After the Fiscal Council, the Serbian Chamber of Commerce as well has proposed its own package of measures for resolving economic issues. Emphasis was laid on the creation of a beneficial business setting and the taking of fiscal measures to result in an economic growth and a higher employment rate. More in the Economic Review, prepared by Biljana Blanuša.
There are numerous challenges ahead of the Serbian economy. In addition to the global negative economic trends, which influence Serbia as well, there are also internal problems. The reduced foreign demand has led to a drop in exports, but Serbia has had difficulty in the placement of goods for decades as its economy is non-competitive. This is just one of the examples confirming the complexity of the problems and pointing to the necessity of a new development model. The Chamber has presented a programme of short-term, medium-term and long-term measures, which relate both to the state and the real sector. According to Chamber vice-president Vidosava Džagić, measures to be applied during the first one hundred days of the new government’s work should be aimed at stopping the further drop of economic activity, establishing financial discipline, resolving the illiquidity issue and boosting employment. Support to export sectors is also required in order that the foreign trade deficit be reduced. As for medium-term plans, the priority in the period from 2012 to 2016 should be set on the removal of the disparity between production and consumption, local savings and investments, imports and exports and the number of employees and pensioners. The long-term goals include an annual economic growth rate of 5% in the conditions of macroeconomic stability, which means low inflation, a floating but predictable national currency exchange rate, financial and labour market stability, public consumption reduction to 35% of the GDP and reforms in the tax system, pension and health insurance and education. With a view to increasing competitiveness of the local economy, it is necessary to increase investments in development and research and to apply incentives for high technology sectors.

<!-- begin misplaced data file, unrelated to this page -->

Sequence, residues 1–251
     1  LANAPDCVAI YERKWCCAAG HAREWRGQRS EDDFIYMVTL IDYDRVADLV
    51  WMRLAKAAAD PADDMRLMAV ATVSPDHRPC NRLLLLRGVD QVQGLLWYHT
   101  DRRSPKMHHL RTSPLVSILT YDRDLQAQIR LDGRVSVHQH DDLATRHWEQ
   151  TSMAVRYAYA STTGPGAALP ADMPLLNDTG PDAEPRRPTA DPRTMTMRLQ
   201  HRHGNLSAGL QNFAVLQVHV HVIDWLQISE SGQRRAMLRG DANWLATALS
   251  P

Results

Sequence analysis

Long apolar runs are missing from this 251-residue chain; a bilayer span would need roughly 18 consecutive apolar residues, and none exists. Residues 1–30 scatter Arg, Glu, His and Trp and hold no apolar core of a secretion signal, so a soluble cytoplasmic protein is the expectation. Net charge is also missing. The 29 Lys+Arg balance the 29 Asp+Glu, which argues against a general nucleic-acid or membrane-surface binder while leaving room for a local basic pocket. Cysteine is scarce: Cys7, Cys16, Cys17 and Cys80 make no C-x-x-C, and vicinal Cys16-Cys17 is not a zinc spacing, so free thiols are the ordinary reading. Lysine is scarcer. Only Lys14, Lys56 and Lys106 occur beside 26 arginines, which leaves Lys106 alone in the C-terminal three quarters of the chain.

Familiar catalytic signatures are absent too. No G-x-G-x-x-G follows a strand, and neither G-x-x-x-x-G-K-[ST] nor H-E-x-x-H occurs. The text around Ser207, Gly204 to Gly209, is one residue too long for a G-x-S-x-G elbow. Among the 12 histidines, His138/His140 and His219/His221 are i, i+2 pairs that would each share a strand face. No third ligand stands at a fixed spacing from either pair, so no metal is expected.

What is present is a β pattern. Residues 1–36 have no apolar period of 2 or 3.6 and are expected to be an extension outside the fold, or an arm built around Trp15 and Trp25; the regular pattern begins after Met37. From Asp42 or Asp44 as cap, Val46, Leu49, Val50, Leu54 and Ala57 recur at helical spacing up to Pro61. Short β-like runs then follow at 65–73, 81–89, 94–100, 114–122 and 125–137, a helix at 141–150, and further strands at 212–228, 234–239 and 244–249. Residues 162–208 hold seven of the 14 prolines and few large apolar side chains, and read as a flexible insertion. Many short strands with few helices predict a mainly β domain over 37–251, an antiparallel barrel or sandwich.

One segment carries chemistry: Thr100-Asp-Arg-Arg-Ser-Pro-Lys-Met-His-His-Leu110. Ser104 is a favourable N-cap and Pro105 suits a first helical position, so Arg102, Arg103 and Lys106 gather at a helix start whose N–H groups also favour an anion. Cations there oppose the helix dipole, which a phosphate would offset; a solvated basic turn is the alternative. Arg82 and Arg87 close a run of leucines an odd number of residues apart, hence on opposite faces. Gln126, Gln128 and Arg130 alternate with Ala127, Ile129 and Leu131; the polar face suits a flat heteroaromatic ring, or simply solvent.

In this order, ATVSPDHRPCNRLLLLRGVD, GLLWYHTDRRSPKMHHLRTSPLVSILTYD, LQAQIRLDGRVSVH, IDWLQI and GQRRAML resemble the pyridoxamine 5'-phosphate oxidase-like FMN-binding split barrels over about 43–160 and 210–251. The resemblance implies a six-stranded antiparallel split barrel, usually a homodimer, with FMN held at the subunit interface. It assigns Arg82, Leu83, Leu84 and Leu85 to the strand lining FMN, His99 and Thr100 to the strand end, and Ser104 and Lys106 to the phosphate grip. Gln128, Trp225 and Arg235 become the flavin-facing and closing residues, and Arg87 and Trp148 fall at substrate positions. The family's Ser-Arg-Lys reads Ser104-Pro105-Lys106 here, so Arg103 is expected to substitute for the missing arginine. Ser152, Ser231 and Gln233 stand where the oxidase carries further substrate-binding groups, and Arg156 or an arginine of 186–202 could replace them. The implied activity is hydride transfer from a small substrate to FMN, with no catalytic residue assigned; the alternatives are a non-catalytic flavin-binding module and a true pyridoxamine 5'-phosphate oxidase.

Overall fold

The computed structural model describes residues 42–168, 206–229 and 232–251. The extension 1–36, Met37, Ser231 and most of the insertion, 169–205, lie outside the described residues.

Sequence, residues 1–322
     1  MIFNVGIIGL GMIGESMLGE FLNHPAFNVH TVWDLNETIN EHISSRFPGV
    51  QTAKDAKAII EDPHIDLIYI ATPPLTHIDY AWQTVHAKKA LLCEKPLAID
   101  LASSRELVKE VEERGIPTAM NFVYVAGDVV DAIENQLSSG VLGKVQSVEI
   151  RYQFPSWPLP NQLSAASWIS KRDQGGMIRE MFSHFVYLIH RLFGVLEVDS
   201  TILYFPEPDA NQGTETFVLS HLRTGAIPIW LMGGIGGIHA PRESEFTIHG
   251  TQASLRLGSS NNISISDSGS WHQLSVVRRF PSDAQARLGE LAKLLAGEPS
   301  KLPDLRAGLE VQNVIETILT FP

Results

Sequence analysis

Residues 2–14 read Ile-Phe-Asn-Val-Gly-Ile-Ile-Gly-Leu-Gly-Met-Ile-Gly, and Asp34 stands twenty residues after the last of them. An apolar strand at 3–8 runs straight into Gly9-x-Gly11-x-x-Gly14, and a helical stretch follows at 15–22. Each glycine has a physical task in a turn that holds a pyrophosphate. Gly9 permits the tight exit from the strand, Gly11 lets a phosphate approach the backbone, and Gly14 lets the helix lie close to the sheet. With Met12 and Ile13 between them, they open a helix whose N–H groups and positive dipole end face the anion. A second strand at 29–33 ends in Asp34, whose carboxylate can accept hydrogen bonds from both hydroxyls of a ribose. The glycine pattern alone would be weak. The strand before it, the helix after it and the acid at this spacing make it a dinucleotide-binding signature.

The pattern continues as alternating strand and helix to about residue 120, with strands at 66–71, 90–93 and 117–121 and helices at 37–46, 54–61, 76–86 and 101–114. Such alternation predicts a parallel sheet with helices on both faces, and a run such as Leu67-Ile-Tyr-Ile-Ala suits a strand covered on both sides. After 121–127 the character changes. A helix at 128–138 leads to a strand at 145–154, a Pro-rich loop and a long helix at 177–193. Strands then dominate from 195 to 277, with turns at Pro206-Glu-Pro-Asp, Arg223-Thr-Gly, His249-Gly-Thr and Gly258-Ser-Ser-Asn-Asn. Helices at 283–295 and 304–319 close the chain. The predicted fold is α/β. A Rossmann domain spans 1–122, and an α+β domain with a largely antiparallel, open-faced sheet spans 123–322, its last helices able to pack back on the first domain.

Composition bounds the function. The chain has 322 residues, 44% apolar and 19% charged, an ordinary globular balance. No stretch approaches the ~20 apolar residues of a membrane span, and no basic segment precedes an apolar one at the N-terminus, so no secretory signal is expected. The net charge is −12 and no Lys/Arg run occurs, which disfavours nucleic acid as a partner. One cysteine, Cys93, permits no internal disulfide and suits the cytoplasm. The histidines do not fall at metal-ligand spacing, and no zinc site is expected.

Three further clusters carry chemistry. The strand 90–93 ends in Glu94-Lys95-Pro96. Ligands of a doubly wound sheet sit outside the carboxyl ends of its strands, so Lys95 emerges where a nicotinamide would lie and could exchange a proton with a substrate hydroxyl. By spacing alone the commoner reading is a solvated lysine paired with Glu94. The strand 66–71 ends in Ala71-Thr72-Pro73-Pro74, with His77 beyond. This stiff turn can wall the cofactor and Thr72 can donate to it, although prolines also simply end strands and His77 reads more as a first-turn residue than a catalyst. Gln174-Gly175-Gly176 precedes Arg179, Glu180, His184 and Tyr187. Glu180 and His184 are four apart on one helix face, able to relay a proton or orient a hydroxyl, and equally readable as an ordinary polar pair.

It is to the business setting that business people object most, due to high fees, cumbersome administrative procedures, the slow process of obtaining building licences, long-lasting court procedures and frequent changes of regulations, which are not transparent enough. Business people also regard the public sector as expensive and irrational. Particular cricitism has been levelled at subsidies to public companies, which, on various bases, amount to some one billion euros. The biggest problem is, however, that of illiquidity, the average receivables settlement period of 128 days in Serbia being longer than that of any other country in the region or in the EU. For instance, the same period lasts some 45 days in many neighbouring countries, whereas in Germany it lasts 18 days only. Companies have difficulty charging for the delivered goods, which renders the production process difficult. They incur additional debts, thus calling their own survival in question. The banking sector, which is stable enough in Serbia, is not ready enough to enable favourable economic financing. As loan amounts have been reduced due to the crisis, especially in the case of small amd medium-sized companies, business people believe it is necessary to form a development bank as soon as possible.